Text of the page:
Bhat & Anr Vs. Claude Pinto & Ors  Insc 79 (14 February 2003)
Sinha & Ar. Lakshmanan S.B. Sinha, J :
are in appeal before us. Plaintiff No.1 was a tenant in a part of the premises
in question, which belonged to Montu Mary Pinto, since deceased. She died in
1974. She executed a Will and last testament (Exhibit P-2(2A) on or about
25.4.1972 whereby Defendant No.1 was appointed as the sole Executor. The
relevant clauses of the said Will are :
my death the Executor of this Will shall take possession of my entire
properties and manage them. He shall also obtain Court probate upon this Will
after my death, and sell away my said properties for the best price possible to
others. He shall minus the expenses met by him for obtaining the Probate etc.
and divide the balance sale price amount unto four equal shares and pay one
such share out of the same to my son Staneley T. Thomas alias Stanley Pinto and
another such share to my son Victor L. Pinto and obtain receipts from them. He
shall further pay of his own share to each of his own children who are living
now and who will be born to him hereafter Rs. 100/- (one hundred) each and keep
the rest of the amount for himself and he shall also pay out of the share
amount of my said daughter a sum of Rs. 600/-(Six hundred) to her son Sunil Rodrigurs
and pay also Rs. 100/-(one hundred) each to each of her living children and
also to those who may be born to her hereinafter and pay the balance left over
to my said daughter.
if my said heirs desire to partition my property among themselves after my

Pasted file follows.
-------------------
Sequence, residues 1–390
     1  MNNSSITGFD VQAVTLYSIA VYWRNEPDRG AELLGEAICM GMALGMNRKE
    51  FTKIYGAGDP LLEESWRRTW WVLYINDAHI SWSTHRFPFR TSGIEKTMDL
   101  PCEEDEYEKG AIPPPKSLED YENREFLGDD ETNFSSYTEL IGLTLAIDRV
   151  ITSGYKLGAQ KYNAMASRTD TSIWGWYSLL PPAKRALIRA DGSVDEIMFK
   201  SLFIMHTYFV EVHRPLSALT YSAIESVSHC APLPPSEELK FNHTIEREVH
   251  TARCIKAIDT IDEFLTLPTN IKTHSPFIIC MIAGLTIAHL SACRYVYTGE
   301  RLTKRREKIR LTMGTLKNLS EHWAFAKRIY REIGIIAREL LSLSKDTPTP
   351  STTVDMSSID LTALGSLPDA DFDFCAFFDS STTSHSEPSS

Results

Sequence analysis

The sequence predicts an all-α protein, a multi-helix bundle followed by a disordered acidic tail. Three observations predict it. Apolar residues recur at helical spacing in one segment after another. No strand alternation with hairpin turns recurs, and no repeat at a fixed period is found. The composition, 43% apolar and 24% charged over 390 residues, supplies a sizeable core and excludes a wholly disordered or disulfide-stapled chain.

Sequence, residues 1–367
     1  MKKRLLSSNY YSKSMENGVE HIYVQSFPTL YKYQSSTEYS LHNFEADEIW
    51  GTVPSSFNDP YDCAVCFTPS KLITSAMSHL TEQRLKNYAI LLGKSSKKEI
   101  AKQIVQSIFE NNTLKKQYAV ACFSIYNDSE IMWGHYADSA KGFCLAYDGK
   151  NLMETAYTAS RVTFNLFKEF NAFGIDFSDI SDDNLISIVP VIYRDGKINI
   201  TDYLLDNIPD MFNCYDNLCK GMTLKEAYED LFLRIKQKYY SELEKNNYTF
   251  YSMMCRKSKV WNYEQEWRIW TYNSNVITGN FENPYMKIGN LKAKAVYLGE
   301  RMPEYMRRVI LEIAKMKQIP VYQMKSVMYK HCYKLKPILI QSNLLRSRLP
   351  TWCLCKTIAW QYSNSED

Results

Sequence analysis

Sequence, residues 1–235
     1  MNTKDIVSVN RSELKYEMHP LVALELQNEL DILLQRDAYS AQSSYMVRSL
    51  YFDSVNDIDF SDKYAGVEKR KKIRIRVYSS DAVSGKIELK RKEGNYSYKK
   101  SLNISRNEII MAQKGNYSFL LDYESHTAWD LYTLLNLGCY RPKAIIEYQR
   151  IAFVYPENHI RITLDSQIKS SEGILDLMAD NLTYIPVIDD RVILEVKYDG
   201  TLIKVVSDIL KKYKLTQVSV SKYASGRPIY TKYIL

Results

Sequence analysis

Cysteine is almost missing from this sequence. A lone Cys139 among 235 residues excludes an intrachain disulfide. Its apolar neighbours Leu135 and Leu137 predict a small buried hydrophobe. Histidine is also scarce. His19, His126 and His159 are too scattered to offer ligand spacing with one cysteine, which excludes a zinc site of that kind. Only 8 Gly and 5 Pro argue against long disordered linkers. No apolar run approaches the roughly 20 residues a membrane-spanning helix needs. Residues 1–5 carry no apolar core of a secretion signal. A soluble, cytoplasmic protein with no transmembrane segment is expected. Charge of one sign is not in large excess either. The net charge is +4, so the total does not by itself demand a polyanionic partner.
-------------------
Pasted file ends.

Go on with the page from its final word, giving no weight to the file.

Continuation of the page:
death, the Executor shall consent to it and do so by the help of two
independent arbitrators and divide them into four equal lots as decided by the
Arbitrators and grant each such lot to each one of my said heirs who shall each
inherit the respective properties absolutely with entire right. But in these
circumstances the amounts mentioned to be paid out as stipulated hereabove
shall be paid by the concerned holders of the property shares."
Indisputably the said Will was probated. Defendant No.1, however, as Executor
or otherwise did not sell the property immediately. While he was toying with
the idea of alienating the suit property, the plaintiff- appellant who is a
practicing advocate and whose advices had been sought for as regards possible
legal impediments, if any, in relation thereto, offered himself as a willing
purchaser. A large number of correspondences passed between the parties. The
evidence on record shows that the Plaintiff No.1 drafted the agreement for sale
and handed over the same to Defendant No.1 who made corrections therein. On or
about 4.12.1979, an agreement of sale was entered into between the parties, paragrapgh
1 whereof is in the following terms :
in consideration of second party agreeing to pay to First Party a total price
of Rs. 1,23,750/- (Rupees one lakh twenty three thousand seven hundred and
fifty) only, the First Party for self and as Executor hereby agrees to convey
the property described in the schedule hereto subject to ratification by the
co-heirs to terms hereinafter appearing." (Emphasis supplied) It appears
from the records that the plaintiff advised Defendant No.1 to obtain power of
attorney from the other legatees so that all of them can execute the deeds of
sale jointly. Two such draft sale deeds were prepared;
be executed in favour of Plaintiff No.1 and another in favour of Plaintiff No.2